In February 1971, a hearty bunch of teens sang in a production of Gilbert and Sullivan's "The Mikado" at the Gilman School and enjoyed the experience so much that they decided to try another G&S operetta five months later, this time largely on their own.
The students — most were from Gilman and Bryn Mawr schools in the beginning — called themselves the Gilman Summer Theater and chose as their inaugural venture that July a staging of "Iolanthe," one of the best (if, in this country, underappreciated) of the G&S canon.
Every summer since, the brilliance of Gilbert and Sullivan has been celebrated in energetic fashion by the organization, which, renamed the Young Victorian Theatre Company in 1978 and relocated from Gilman to Bryn Mawr in 1989, steadily became more professional over the years. Now one of the oldest and most consistently stable performing arts institutions in the city, Young Vic opens its 40th anniversary this week with a new production of "Iolanthe."
But first, back to that beginning. High school students eager to sing Gilbert and Sullivan — in 1971, the heyday of countercultural campuses?
"Oh, we were protesting the Vietnam War, too," says Baltimore-born actress Bess Armstrong, a veteran of the company's first "Iolanthe." "But we all had so much fun singing Gilbert and Sullivan. Somehow, it never seemed odd to do."
Once bitten by the show-biz bug, Armstrong and her friends, some of them with "a geeky knowledge" of G&S operettas, weren't about to get vaccinated.
"There were other musical theater companies around, but none that were available to high school students," she says. "We thought that was incredibly unfair. I remember very, very fondly when we were too naïve and too young to be intimidated by the audacious choices we were making. We were 17-year-olds who sat around and said, 'Yeah, let's put on Gilbert and Sullivan.' I commend the adults who said, 'Why not? Give it a try.' "
Armstrong, whose extensive stage, TV and movie credits include the 1990s sitcom "My So-Called Life," brought to the new company a strong musical background.
"In my family, we really did stand around the piano and sing," she says. "None of us could throw a ball, but we could zip into four-part harmony." In "Iolanthe," she sang the role of Phyllis, a maiden in love with a man who is half-fairy (down to the waist) and half-mortal. The actress also provided choreography for the troupe's early productions.
The first "Iolanthe" was "very much Judy Garland- Mickey Rooney, Mom-can-make-the-costumes, let's-put-on-a-show," Armstrong says. "But we had a core group making sure we remained faithful to Gilbert and Sullivan. And it was total immersion. The program was printed in Victorian style; the box office people and ushers dressed in period costume."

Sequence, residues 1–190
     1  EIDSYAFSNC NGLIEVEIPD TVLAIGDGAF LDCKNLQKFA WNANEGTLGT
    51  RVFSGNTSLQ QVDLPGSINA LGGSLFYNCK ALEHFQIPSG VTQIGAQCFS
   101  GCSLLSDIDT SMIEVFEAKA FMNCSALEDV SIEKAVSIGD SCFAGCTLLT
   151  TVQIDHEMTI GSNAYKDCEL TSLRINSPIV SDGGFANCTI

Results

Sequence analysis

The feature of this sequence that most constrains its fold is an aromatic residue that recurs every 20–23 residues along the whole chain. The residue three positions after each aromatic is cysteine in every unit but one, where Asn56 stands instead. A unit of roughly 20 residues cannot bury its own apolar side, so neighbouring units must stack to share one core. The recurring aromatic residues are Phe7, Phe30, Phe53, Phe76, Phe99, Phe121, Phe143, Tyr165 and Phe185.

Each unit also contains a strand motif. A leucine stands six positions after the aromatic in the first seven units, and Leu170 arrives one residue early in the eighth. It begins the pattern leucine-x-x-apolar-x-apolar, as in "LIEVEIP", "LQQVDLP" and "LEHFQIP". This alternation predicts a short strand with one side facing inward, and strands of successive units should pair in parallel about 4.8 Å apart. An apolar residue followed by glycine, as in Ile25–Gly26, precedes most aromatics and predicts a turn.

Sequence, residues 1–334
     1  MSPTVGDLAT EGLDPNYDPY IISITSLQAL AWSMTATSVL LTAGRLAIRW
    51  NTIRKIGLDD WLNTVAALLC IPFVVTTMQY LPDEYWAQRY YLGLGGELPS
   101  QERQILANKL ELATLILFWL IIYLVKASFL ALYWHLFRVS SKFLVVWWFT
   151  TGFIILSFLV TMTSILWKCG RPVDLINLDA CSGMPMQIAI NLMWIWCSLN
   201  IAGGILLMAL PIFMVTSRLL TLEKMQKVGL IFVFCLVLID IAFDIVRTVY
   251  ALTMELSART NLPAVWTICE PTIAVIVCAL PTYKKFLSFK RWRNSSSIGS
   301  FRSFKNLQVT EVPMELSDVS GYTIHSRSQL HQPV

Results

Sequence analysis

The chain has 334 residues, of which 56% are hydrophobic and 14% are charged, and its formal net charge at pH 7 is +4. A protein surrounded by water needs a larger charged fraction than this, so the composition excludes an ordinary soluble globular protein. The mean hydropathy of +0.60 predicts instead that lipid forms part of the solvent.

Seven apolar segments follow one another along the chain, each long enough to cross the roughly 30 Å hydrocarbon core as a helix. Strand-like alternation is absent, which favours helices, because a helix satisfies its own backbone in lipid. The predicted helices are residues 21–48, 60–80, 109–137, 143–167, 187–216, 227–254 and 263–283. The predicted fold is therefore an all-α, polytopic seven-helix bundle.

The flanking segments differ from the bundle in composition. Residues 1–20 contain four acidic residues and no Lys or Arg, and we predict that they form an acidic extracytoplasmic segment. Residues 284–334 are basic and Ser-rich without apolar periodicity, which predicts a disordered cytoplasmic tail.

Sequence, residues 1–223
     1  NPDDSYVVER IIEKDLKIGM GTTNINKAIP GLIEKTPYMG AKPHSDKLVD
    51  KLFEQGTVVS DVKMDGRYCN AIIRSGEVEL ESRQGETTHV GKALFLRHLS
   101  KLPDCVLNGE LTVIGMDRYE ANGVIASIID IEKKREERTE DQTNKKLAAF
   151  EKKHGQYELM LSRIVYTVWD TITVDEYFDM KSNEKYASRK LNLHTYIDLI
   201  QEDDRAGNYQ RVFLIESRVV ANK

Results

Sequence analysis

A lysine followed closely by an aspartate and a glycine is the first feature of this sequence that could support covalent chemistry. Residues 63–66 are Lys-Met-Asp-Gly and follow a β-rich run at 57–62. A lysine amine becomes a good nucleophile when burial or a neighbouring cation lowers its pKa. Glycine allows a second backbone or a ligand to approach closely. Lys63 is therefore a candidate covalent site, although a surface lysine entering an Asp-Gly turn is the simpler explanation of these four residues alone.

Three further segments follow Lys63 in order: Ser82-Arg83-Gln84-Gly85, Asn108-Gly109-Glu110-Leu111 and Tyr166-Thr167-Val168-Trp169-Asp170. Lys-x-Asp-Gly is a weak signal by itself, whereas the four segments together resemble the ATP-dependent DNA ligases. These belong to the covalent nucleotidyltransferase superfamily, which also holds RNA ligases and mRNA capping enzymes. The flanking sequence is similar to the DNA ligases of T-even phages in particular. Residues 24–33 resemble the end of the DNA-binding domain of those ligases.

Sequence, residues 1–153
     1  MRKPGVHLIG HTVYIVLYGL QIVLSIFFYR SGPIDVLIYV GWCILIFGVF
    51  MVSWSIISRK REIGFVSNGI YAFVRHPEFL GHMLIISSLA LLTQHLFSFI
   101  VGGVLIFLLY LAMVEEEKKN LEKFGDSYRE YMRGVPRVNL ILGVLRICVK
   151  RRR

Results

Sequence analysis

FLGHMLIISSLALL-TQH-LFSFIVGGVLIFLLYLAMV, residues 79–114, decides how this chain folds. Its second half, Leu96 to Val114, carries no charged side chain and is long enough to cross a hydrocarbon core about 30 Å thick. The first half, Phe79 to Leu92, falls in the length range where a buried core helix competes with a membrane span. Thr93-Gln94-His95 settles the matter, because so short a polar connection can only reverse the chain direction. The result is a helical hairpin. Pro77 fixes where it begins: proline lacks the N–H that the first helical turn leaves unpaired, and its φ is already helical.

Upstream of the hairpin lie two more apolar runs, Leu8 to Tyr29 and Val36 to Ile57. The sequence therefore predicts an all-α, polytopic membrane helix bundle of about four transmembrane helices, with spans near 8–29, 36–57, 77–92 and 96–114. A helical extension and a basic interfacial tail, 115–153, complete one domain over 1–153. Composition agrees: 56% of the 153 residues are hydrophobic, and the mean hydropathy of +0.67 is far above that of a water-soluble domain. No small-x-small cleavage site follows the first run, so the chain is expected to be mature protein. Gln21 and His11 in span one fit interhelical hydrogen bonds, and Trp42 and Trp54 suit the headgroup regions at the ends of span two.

An attempt was made to keep things traditional onstage, too.
"Our creed was, don't make a joke about making a joke," Armstrong says. "No smirking or winking at the audience. And it was very, very funny. We saw right away that there was an audience for Gilbert and Sullivan in Baltimore."
Young Vic's 40th anniversary production of "Iolanthe" will look ever so slightly different from the one Armstrong starred in (the Los Angeles-based actress plans to attend one of the opening weekend performances). Stage director James Harp has updated the action of this 1882 operetta to the Roaring Twenties.
" 'Iolanthe' is the most stylish of all Gilbert and Sullivan operettas," Harp says, "and the 1920s was the most stylish decade. The Charleston will figure prominently in the finale."
Gilbert's libretto contains some favorite targets — politicians, lawyers and, especially, peers of the realm. There's also a dash of what might be considered early feminist sympathy within this charming, witty, ultimately quite romantic tale involving fairies and humans. Sullivan's score is fueled by effortless melodic invention and prismatic orchestration.
This "Iolanthe" production, conducted by Young Vic music director Phillip Collister, features several singers who have done shining work for the company in recent seasons, along with some newcomers. Unlike in 1971 and for many years afterward, all the principals in the cast are professionals; the orchestra is also professional. But the chorus invariably includes local high school students as enthusiastic about the world of G&S as the teens who started the company.
Even the briefest visit to a rehearsal reveals the contagious Young Vic spirit.
"It's just great to be involved with this company," says Nicholas Houhoulis, who sings the role of Earl Tolloller in "Iolanthe." "There is such a great camaraderie here. And it's fun to hear people who have been singing in the chorus for 20, 25 years recounting stories about past shows."